However, Inquisition really succeeds with its smartly designed hub world structure. If you struggle with something like Assassin’s Creed Valhalla because it is too much, then Dragon Age: Inquisition knows how to parcel up its world into neat, separately-contained areas to much better effect. Each part of Thedas serves up bite-sized narrative arcs with less strenuous exploration than the Ubisoft epic. Each story tends to come with a different biome — mountains, low-hills, desert, and so on — which really gives developer BioWare the space to flesh out the world in many different tangential directions. Each zone is normally filled with things to do and check off like normal, as well as a cool boss fight or secret passageway. The combat is glorious, running in real-time or in an RTS-style with turn-based attacks. With a great mix of classes, weapons, armous, special abilities and revives, you will spend plenty of brain space working out which party-member to take on a mission.

You see, the real good stuff in Inquisition is the strong cast of interesting companion characters. An elven archer named Sera, for example, is an absolute delight. Every now and again the Robin-Hood-like gal will shout wonderful nonsense like “eat it, you lop-eared, son of an arse-nut rot-suck piece of...ugh!" These episodes of story and constant chatter work to make the whole game meaningful as the player starts to agonise over every multi-pronged choice that might end up losing you a favourite friend along the way. On the side, your interpersonal attachment gives combat an added layer of purpose, while giving you an exciting sense of trepidation as you embark on a mission with your fellow squad mates. The DLC is varied and arguably better than the main story at points, so don’t miss out on that either. Anyway, I highly recommend you jump into this well-crafted RPG — it is a solid experience with plenty of fun ideas that will help fill a fantasy hole!

Dragon Age™: Inquisition - Game of the Year Edition

Discover the ultimate version of Dragon Age: Inquisition which includes all DLC and add-ons.
Explore the epic adventure that has been awarded over 130 Game of the Year awards. Take your place as the Inquisitor and lead a team of heroes to save Thedas from the brink of chaos.

The Outer Worlds

When you’re woken up from cryosleep by a mad scientist, booted out onto a strange planet, and given some garbled account of a massive, complex conspiracy theory by said mad scientist, you know it’s going to be a good game. Add to that the fact that you accidentally land on (and kill) the first person you’re supposed to meet, and you’ve got a good idea of how things tend to go in The Outer Worlds. We play as someone who had been in cryosleep on a colonist ship, and who was woken up decades later than expected to find themselves in an unrecognisable future. The future, however, isn’t waiting around for us to catch up; we’re led on a madcap race around the galaxy, struggling to save it (or maybe destroying it?) and trying desperately to catch up with what’s going on. It’s a whole lot of fun, especially since the game doesn’t take itself seriously in the slightest: it’s laughing along with you as you get from one bizarre situation into another.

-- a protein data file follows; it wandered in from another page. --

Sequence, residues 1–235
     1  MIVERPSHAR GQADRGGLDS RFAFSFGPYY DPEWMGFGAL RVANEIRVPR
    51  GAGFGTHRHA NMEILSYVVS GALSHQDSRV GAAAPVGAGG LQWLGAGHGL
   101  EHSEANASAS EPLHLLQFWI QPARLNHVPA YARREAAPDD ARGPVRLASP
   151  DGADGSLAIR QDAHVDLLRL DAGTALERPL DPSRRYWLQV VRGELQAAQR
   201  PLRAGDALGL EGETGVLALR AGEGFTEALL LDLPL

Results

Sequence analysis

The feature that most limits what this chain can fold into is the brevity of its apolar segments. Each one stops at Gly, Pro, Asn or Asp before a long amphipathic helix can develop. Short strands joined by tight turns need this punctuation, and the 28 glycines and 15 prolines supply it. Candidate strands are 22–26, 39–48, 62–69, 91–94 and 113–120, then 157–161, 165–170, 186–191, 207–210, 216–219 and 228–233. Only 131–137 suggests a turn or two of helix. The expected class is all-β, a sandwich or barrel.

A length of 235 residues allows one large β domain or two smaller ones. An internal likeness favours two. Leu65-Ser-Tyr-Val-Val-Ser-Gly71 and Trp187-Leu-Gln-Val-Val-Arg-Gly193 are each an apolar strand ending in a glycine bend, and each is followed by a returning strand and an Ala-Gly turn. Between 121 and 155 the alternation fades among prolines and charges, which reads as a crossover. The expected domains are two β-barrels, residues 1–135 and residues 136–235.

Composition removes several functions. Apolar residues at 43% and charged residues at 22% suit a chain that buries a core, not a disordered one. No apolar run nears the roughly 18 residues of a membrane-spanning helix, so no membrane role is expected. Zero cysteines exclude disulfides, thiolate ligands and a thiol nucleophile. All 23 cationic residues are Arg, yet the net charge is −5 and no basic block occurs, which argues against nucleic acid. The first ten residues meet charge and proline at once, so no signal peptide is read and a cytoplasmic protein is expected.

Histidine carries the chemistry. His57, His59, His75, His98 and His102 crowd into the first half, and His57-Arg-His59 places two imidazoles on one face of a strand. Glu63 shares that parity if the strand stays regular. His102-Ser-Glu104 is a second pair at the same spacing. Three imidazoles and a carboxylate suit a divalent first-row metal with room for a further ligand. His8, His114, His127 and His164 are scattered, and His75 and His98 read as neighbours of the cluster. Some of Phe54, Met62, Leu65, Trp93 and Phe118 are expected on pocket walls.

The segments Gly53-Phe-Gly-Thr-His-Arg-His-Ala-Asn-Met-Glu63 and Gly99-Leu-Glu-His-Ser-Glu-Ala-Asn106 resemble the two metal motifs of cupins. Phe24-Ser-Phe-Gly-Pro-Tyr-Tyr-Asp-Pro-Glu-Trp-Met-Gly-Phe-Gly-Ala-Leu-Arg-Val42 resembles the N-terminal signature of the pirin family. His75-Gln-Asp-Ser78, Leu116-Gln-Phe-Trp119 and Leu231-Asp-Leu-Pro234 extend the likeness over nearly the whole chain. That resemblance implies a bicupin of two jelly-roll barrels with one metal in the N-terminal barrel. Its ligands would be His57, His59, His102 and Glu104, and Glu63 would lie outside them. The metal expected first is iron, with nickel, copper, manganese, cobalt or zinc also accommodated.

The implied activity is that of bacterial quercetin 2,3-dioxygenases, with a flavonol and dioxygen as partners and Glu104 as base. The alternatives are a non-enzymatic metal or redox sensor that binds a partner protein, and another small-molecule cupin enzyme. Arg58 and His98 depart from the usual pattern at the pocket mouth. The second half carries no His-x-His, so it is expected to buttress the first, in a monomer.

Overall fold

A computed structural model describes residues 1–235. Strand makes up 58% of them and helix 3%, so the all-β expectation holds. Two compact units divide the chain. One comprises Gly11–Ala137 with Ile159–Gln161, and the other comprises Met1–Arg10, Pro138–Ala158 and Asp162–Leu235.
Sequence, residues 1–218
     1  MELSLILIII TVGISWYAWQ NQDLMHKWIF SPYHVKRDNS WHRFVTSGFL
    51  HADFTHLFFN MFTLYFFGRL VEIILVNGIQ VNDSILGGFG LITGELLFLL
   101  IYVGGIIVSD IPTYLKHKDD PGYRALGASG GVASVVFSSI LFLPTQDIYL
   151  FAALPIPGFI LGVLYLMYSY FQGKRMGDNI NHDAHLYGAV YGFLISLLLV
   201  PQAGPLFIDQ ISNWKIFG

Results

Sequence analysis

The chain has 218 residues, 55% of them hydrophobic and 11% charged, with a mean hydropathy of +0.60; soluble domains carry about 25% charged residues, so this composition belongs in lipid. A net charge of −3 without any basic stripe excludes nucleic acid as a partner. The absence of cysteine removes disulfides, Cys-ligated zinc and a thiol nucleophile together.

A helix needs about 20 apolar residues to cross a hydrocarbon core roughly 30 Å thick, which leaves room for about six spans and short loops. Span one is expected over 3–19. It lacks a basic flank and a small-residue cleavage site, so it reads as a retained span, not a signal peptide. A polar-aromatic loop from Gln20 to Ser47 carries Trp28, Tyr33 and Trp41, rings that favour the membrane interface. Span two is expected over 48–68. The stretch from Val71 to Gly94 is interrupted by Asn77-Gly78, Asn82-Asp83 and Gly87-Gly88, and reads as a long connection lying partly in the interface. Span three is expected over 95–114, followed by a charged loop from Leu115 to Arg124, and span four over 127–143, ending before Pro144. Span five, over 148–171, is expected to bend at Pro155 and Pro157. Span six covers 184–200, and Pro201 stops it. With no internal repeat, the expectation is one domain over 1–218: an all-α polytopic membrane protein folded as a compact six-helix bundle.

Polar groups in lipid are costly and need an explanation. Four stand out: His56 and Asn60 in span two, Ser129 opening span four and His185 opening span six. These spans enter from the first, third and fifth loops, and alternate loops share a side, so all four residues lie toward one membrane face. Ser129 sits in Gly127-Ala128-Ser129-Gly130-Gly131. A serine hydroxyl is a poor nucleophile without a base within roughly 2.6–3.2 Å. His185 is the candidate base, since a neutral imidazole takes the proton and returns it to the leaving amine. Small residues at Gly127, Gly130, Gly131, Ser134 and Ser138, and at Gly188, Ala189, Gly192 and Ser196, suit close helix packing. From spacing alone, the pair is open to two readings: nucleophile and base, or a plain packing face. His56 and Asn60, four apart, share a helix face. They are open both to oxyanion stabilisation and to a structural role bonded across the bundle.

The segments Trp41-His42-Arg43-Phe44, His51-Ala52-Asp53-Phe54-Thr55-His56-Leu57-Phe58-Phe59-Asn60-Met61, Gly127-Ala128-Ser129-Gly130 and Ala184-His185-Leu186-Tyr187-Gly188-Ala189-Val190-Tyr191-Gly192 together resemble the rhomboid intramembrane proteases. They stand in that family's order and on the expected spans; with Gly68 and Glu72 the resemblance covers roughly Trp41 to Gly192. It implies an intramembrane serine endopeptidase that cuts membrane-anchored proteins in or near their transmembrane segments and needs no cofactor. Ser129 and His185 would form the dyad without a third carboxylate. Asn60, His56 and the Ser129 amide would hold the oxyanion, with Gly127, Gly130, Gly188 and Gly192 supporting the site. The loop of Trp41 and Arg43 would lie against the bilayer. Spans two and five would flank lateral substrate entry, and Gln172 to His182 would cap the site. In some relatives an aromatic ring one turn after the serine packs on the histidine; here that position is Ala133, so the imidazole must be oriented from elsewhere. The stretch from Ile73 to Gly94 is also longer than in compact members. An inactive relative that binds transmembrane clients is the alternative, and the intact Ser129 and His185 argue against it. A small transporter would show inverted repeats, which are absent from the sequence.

We can lead a crew of companions; a motley bunch made up of those we’ve found scattered throughout the galaxy, and we’ll explore everything from space stations to settlements, wielding an array of bizarre weapons, and causing confusion as we try to decide the fate of the Halcyon colony. The imagination that went into the game makes each world feel alive with potential, and the wacky sense of humour keeps things fresh throughout. The Outer Worlds is ridiculous fun, and it’ll keep you engrossed for quite some time — plus, you can brush up on your skills before The Outer Worlds 2 arrives!

The Outer Worlds

The Outer Worlds is a new single-player sci-fi RPG from Obsidian Entertainment and Private Division. As you explore the furthest reaches of space and encounter a host of factions all vying for power, who you decide to become will determine the fate of everyone in Halcyon. In the corporate equation for the colony, you are the unplanned variable.

The Elder Scrolls Online

The Elder Scrolls Online offers everything that makes the mainline series great, and a whole lot more. Being an MMO it’s going to have a Marmite effect for much of the franchise’s fanbase: you’ll either love it, or you’re going to detest it more than Molag Bal dislikes the truth. If you can look past the fact that you won’t be embarking on an adventure in the same style as Skyrim, The Elder Scrolls Online is sure to offer you an equally as rewarding experience. It’s absolutely crammed full of lore, interesting characters, a massive portion of Tamriel to explore, dungeons to explore alone or with groups of up to 12 players, PvP combat, solid class structure, and a ridiculous number of additional features that you just can’t get from the single-player experiences.